Mail Virus/Hack

Discussion in 'Mac Apps and Mac App Store' started by GovtLawyer, Feb 9, 2014.

  1. GovtLawyer macrumors 6502

    Sep 6, 2008
    It seems one of my AOL accounts in MacMail has been hacked. The account has sent spam to everyone in my address book. I immediately changed the password with AOL.

    I never had a problem with my iMac address book or mail accounts before. I just bought a new iMac two weeks ago. Also, the Address Book is now in the iCloud as Apple decided it no longer wanted me to update the contacts in iTunes, rather it uses the cloud to send my contacts to my devices. Something it never took a poll on, but just thought we would all want them to be the guardian of our personal contacts.

    Also, I have never worried about viruses, as everyone knows the Apples are fairly immune to that stuff, unless you click on something you shouldn't despite the warnings.

    Lately this one email account has been getting spam messages from some of my business contacts. I never click on them.

    So, any ideas how I could have been infected. Where is the infection - in AOl, on my computer or the cloud. Finally, any ideas how I can find it and eradicate it.

    It appears that changing my password stopped it; although, tomorrow I expect to get dozens of emails asking me about the email and faxes I sent them (I use a fax internet and many of the contacts got one page faxes from me.)
  2. cerote macrumors 6502a


    Mar 2, 2009
    Most likely on AOL sides or something else that may use the same password as your email you signed up for.
  3. GGJstudios macrumors Westmere


    May 16, 2008
    Email accounts, especially ones like AOL, are compromised quite frequently. It has nothing to do with malware on your Mac. Email accounts can be hacked even if you don't own a computer. Once an email account is compromised, everything you've used that account for, including registering at other sites, is vulnerable.

    Macs are not immune to malware, but no true viruses exist in the wild that can run on Mac OS X, and there never have been any since it was released over 12 years ago. The only malware in the wild that can affect Mac OS X is a handful of trojans, which can be easily avoided by practicing safe computing (see below). 3rd party antivirus apps are not necessary to keep a Mac malware-free, as long as a user practices safe computing, as described in the following link.
    Read the What security steps should I take? section of the Mac Virus/Malware FAQ for tips on practicing safe computing.
  4. GovtLawyer thread starter macrumors 6502

    Sep 6, 2008
    What About Adressees?

    I understand the spoofing of my account, but how did it get the addresses to email to? Did it get them from the AOL server as addresses of those I have sent emails to in the past? Not all of them were in my address book, but all did get emails or faxes from me in the past. (I use an internet fax and just add the fax address at the end)

    This was my business email. I changed the password on AOL. What else can be exploited by the knowledge of the old password? Was there anything I might have done to have allowed this, or was it simply chance?
  5. GGJstudios macrumors Westmere


    May 16, 2008
    Yes, once into your email account, they can get addresses from all mail sent or received. If they can gain access through your mail account to social networking sites, they can get addresses of everyone in your friends list. There are many methods by which they can get the information to spam your contacts, without ever needing to access your computer. It's really extremely rare that an average user's computer is hacked, since other methods are more effective and easier to accomplish.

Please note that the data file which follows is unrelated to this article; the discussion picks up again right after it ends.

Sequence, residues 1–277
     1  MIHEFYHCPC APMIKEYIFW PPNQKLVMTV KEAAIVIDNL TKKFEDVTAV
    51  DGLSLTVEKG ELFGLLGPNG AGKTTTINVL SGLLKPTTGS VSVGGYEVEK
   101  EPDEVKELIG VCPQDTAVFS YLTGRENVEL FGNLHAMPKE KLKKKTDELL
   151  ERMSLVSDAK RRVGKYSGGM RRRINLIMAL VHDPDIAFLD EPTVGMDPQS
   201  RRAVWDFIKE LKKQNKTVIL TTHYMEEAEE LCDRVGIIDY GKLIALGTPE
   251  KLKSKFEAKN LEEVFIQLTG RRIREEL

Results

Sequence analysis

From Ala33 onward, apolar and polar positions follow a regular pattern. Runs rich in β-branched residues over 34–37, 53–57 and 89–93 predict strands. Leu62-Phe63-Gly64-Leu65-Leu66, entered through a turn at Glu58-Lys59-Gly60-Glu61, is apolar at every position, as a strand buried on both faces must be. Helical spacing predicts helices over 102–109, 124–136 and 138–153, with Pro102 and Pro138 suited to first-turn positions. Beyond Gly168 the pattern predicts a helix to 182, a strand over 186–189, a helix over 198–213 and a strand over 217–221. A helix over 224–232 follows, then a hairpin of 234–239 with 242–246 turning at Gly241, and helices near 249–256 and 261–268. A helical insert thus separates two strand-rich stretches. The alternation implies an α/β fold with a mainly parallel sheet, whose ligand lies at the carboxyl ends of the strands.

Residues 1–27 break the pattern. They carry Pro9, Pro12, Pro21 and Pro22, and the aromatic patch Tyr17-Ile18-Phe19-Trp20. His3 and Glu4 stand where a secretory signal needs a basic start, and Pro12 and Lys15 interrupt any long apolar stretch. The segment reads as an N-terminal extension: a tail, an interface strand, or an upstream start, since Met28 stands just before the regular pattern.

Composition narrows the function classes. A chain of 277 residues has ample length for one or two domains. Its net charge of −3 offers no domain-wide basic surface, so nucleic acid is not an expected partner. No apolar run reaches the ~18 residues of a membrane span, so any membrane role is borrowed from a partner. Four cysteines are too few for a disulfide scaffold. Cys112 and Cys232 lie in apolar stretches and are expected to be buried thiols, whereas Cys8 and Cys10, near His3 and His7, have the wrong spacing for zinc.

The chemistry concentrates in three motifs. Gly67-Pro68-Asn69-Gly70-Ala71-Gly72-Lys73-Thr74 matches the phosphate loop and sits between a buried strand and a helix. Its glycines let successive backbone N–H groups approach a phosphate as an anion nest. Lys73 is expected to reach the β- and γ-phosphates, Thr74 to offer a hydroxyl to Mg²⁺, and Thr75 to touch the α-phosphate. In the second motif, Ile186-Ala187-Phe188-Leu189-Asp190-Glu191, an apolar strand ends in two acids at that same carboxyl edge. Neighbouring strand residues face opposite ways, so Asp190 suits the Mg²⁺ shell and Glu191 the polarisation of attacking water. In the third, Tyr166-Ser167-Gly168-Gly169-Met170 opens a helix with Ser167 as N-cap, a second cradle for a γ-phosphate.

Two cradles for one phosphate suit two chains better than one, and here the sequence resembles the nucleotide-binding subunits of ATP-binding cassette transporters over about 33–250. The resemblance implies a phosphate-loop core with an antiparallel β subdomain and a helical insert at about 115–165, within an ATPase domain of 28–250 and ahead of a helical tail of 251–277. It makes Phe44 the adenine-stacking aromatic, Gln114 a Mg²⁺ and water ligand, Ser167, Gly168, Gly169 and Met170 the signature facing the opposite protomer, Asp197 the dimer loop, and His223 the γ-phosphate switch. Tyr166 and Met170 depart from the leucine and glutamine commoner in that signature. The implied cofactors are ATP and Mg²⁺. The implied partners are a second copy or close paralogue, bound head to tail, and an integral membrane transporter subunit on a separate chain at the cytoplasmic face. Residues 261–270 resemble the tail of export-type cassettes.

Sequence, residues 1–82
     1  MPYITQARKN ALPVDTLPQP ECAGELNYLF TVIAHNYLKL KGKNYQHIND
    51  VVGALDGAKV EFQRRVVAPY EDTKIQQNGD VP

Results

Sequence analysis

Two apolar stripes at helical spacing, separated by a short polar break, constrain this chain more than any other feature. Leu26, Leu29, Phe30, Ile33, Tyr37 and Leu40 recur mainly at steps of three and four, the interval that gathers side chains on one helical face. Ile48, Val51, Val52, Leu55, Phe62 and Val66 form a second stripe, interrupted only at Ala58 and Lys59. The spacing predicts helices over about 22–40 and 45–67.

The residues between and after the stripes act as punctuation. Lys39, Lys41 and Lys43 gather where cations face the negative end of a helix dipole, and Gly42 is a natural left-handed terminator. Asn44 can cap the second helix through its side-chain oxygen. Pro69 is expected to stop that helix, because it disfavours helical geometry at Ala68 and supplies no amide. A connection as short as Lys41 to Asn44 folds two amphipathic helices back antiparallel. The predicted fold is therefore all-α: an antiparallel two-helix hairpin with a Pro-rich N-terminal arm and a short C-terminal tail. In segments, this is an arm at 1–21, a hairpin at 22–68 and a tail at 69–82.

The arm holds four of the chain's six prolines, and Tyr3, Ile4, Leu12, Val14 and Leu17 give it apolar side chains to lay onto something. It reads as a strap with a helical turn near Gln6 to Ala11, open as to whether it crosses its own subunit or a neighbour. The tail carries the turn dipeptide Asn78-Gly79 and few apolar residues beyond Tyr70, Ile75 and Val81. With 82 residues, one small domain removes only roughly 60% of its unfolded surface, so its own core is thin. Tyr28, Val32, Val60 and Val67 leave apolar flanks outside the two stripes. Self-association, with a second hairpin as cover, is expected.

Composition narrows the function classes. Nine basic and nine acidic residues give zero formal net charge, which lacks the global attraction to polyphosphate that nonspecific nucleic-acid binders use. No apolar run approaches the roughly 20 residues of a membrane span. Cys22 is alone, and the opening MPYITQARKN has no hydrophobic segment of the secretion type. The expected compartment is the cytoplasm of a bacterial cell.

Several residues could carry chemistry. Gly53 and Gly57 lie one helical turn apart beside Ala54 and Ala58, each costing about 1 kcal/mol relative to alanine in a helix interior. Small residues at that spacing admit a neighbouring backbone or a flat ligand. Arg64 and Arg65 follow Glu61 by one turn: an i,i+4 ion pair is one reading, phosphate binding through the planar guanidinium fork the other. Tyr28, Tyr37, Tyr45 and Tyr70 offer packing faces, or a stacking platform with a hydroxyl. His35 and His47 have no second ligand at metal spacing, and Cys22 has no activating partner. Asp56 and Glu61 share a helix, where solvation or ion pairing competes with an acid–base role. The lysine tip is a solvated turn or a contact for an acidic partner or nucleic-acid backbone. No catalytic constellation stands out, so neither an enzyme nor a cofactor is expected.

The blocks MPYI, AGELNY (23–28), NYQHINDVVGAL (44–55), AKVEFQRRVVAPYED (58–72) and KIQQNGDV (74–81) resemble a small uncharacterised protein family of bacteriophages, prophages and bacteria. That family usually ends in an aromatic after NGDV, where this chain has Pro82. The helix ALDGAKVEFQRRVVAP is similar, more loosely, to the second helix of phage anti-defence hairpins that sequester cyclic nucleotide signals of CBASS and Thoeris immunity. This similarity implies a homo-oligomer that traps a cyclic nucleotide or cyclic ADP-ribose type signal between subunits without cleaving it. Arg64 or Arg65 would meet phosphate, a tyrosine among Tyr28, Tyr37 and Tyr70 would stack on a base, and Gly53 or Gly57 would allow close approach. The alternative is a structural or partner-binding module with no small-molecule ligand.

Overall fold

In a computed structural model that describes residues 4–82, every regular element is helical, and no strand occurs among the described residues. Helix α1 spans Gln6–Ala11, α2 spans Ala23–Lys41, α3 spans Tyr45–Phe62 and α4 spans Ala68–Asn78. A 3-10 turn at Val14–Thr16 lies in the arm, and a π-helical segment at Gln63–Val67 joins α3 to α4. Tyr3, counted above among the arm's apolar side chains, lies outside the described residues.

Yes, it's a random thing, but you can minimize your exposure by using passwords that are long and complex, making it harder to crack them. Use a different password for each mail account or login account.

    Stay off mailing lists as much as possible, to minimize spam and exposure to spammers. Ask your friends to not include you in the "joke of the day" or "kitty pictures" distribution lists.

    No domain is problem-free, but there appears to be a higher frequency of email accounts being hacked in the AOL, Hotmail and Yahoo domains, so you might consider a different domain such as Gmail.

    Use a "throw-away" email address in those cases where you're required to provide an email address, but you expect spam may result.
  6. GovtLawyer thread starter macrumors 6502

    Sep 6, 2008
    It was a server problem?

    So, I gather it was a server problem. Interesting enough, when I went to AOL to change the password there were several notes which indicated I was a victim of spamming or spoofing or whatever. Yet, I wasn't notified by them nor was it stopped.

    I assume it has nothing to do with my contacts/address book as there were emails I had sent, fax email included, which are not in my address book. Fortunately for me, I only use the address for business and do not go to social media sites with that email.

    Finally, it seems as if this is merely an annoyance, which multiplies with subsequent users. What is gained by this? Does a person ever actually look at these exploited sites, or is it all done by robot?
  7. glenthompson macrumors 68000


    Apr 27, 2011
    Using an AOL email address for business doesn't send a positive message to potential customers/clients. If you aren't successful enough to have your own domain, why would I do business with you?
  8. GovtLawyer thread starter macrumors 6502

    Sep 6, 2008
    Thank you

    Thanks for the business advice. I have more business than I can handle. If I ever decide to to expand my business I will seek you out for some more sage advice. Until then, I'll just toss your advice aside like the rest of the unwanted trash which sometimes accumulates in life.

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